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I know the idiomatic usage of "somebody's kind of place/person/thing" to mean the types of place, person or thing that someone usually likes. But what about using it in the context below?

I don't have his kind of mental strength.

Is this considered proper usage of the phrase?

For the purpose of clarification, I intended for the above sentence to have the same meaning as:

I don't have the kind of mental strength he does.

Is it awkward to have a possessive pronoun before 'kind of XXX' instead of a normal pronoun after it to denote that XXX is of the type belonging/relating to the pronoun?

Many thanks in advance.

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Yes, you've used it properly.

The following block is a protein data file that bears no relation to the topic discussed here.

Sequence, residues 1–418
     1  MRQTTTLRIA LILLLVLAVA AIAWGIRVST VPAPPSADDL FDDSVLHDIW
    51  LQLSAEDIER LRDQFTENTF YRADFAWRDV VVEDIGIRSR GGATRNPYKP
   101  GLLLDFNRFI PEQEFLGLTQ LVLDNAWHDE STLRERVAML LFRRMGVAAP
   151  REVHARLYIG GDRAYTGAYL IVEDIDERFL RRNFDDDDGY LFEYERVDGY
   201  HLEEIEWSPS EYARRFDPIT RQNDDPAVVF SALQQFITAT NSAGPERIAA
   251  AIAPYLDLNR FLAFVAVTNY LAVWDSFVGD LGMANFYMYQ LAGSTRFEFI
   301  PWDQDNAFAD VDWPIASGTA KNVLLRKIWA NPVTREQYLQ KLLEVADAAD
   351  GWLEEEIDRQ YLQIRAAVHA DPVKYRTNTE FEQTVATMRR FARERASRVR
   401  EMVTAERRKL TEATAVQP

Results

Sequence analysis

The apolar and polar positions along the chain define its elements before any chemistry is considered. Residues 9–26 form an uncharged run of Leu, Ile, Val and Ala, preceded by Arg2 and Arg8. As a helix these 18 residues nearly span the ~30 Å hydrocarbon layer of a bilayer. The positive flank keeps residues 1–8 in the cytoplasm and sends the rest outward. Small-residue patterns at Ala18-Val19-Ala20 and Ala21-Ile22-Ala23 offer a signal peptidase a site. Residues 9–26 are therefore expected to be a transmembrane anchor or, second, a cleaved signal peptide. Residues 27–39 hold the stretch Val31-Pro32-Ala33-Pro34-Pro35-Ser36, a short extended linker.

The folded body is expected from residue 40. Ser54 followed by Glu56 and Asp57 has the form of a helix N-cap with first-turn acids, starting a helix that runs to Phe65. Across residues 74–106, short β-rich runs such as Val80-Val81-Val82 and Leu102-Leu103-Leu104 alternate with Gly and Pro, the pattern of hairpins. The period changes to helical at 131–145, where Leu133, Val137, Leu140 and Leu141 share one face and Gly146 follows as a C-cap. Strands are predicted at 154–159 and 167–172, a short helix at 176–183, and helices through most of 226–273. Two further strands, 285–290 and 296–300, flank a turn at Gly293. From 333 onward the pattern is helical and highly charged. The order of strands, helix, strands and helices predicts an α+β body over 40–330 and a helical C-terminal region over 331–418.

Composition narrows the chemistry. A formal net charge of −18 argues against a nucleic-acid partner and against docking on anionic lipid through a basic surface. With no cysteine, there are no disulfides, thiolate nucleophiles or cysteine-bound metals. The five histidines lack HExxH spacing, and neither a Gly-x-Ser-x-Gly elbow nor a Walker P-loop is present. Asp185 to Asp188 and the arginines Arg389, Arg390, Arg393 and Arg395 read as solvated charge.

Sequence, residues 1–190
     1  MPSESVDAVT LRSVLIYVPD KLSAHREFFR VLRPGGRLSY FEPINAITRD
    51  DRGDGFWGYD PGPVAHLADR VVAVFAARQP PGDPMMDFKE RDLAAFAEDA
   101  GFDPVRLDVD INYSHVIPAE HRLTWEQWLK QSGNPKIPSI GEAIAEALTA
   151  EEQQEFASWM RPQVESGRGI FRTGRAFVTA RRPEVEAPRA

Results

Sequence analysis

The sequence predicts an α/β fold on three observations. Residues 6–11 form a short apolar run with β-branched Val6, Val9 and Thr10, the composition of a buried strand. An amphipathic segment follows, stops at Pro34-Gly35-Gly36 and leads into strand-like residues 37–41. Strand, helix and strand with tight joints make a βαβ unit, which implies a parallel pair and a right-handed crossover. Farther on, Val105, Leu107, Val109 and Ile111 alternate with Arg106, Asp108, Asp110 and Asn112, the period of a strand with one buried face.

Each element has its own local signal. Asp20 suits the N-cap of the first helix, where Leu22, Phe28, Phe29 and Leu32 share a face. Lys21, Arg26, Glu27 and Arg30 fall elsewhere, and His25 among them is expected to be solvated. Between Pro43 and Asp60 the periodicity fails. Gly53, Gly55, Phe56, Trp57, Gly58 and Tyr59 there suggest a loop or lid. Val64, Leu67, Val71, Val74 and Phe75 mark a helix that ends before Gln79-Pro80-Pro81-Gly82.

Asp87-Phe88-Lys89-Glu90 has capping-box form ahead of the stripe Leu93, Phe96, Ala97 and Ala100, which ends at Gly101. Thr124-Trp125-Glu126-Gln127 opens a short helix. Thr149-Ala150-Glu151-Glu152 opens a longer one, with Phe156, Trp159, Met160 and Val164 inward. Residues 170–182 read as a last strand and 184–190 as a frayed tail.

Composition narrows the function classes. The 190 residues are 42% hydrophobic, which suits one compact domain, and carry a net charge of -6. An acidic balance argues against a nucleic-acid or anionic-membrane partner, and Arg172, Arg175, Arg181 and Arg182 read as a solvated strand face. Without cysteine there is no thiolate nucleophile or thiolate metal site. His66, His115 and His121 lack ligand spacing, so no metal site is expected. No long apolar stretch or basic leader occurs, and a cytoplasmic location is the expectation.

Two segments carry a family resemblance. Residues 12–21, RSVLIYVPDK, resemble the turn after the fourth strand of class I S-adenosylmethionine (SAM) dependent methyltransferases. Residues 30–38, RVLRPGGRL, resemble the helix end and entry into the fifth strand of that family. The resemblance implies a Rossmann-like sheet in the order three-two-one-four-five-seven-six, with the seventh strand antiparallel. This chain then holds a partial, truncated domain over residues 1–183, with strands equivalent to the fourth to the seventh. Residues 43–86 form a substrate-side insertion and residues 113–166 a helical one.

I don't have his kind of mental strength.

I don't have the kind of mental strength he does.

These two sentences have the same meaning. They would usually be understood as meaning that the person he refers to is mentally strong, and the speaker are not as mentally strong as he is.

This is is not strictly entailed, so you could subvert the listener's expectation:

I don't have the kind of mental strength he does. I'm even stronger mentally!

But usually, you wouldn't do that, so the listener would understand it to mean the person he refers to is mentally stronger than the speaker.

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